On offense, Minnesota is averaging 441.5 yards and 33.5 points per game, that total includes a lofty 271.1 yards on the ground. Terry Jackson II leads the Gophers with 1,031 yards, an average of 128.9 per game, and three touchdowns. Thomas Tapeh leads the team with seven rushing touchdowns and is second on the team with 90.5 yards per game. Quarterback Asad Abdul-Khaliq is completing nearly 54 percent of his passes (88-of-164) for 1,241, an average of 177.3 yards per game, and 14 touchdowns. His primary target is Ben Utecht, who has 25 grabs for 324 yards and five TDs.
Defensively, Minnesota is holding opponents to 314.6 yards and 17.0 points per game. The Golden Gophers are giving up 125.8 yards rushing and 188.9 yards passing. The defense has forced 10 fumbles, has four interceptions and has sacked opposing quarterbacks 22 times for a loss of 135 yards. Linebacker Ben West is the leading tackler for Minnesota. He has 69 tackles, including 49 solo tackles and five tackles for losses totaling 11 yards. Defensive end Charlton Keith has seven sacks for losses of 45 yards.
Preston Gruening is averaging 40.9 yards on his 37 punts this season. He has downed 12 inside the 20-yard line with a long of 61 yards and has yet to be blocked. Dan Nystrom has made 10-of-11 field goals with his only miss (from 36 yards) coming in the 13-point loss to Purdue. His season long of 49 was on his next kick. Danny Upchurch has returned 31 punts for the Gophers for 241 yards, an average of 7.8 per return. Eight different players have returned 22 kicks for Minnesota, with Antoine Burns leading the team with nine returns for 190 yards, an average of 21.1 yards.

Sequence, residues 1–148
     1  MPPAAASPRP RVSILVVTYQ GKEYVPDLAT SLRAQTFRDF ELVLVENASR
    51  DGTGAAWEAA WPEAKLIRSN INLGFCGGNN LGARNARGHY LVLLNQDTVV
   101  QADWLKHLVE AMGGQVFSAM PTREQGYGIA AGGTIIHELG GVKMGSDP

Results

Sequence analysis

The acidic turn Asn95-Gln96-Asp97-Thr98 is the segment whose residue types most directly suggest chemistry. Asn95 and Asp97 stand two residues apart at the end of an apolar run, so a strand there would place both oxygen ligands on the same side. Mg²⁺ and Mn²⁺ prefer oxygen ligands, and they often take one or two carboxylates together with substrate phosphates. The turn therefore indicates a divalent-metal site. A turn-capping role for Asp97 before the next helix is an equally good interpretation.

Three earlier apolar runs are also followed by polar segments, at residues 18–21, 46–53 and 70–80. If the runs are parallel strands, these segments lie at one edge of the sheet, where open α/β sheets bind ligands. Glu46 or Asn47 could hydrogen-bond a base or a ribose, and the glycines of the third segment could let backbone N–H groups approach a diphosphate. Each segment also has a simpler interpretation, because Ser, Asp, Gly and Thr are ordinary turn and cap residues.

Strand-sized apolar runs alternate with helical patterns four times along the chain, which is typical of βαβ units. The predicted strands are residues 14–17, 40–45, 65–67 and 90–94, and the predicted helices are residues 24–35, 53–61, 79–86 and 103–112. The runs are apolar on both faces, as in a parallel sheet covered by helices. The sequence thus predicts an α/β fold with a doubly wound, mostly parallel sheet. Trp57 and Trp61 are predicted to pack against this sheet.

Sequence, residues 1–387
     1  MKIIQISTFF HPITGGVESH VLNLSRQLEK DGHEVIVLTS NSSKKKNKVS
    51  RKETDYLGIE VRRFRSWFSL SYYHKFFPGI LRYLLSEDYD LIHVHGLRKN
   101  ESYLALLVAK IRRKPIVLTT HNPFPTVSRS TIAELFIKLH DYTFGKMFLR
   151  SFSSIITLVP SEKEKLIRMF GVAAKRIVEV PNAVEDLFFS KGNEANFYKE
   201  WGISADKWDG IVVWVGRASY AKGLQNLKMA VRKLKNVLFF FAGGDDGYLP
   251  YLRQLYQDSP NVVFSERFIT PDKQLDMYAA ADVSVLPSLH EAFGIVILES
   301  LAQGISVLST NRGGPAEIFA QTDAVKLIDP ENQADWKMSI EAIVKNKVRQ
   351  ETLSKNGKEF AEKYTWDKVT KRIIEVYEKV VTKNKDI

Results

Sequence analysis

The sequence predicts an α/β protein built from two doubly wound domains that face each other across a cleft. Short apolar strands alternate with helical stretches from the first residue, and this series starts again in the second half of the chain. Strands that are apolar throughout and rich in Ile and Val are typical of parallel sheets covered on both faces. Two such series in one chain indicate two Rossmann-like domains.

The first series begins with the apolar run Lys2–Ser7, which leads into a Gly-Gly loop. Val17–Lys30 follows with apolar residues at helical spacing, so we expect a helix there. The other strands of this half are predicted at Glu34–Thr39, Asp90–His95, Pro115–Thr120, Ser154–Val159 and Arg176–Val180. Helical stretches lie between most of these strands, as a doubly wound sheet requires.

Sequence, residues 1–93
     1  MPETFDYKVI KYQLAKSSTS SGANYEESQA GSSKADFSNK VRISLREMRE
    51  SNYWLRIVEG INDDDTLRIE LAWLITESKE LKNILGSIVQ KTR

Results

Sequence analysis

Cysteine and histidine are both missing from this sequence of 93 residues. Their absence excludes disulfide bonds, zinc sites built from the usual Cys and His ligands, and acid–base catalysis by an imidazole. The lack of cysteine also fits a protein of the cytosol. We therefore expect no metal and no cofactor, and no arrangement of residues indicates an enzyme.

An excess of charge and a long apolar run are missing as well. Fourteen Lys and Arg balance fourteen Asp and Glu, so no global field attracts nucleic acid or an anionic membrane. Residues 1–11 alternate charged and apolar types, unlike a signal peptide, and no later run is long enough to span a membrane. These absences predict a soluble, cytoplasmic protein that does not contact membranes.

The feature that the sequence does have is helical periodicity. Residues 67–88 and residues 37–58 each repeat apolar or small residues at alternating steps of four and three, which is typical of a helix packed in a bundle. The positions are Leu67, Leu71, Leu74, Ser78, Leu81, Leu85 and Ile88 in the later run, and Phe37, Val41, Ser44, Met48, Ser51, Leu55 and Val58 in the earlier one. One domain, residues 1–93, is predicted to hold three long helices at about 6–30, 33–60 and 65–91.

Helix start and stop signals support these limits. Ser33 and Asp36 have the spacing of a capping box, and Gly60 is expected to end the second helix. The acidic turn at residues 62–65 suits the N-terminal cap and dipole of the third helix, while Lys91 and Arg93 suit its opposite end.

Minnesota’s Last Game
Minnesota won its seventh game of the season with a 28-7 decision at Michigan State Oct. 19. The Spartans got on the board early, scoring a touchdown on the first drive of the game, but the Golden Gophers shut out Michigan State for the remainder of the contest. Terry Jackson made history as the first Minnesota running back to rush for 200 yards in back-to-back games, finishing with 29 carries for 238 yards, following a 239-yard effort against Northwestern last week. Jackson’s effort was part of a 390-yard rushing effort by the Gophers on the ground.
Coach Glen Mason
Glen Mason, a 1972 graduate of The Ohio State University, is in his sixth season as the head coach at Minnesota, where he has a 33-33 record. Now in his 17th season as a collegiate head coach, he is 92-97-1. Prior to arriving in Minneapolis, Mason spent nine seasons at Kansas, where he was 47-54-1, and two seasons at Kent State, where he was 12-10. Mason guided the Golden Gophers to back-to-back bowl appearances (1999 and 2000) for just the third time in school history. His 1999 team finished 8-4 and No. 12 in the nation, the highest ranking for the Gophers in 32 years. Mason began his coaching career as a graduate assistant at Ball State and also included stops at Allegheny College, Iowa State and Illinois, before a return to Ohio State from 1978-85, the last six seasons as the offensive coordinator under Earle Bruce.
Opening Day Streak Extended
The opening-day victory over Texas Tech on Aug. 24 extended Ohio State’s streak in home openers to 24-consecutive wins, dating back to a 19-0 loss in 1978 at the hands of then-independent Penn State. The Buckeyes have an all-time opening day record of 97-12-4.
Earle Bruce Honored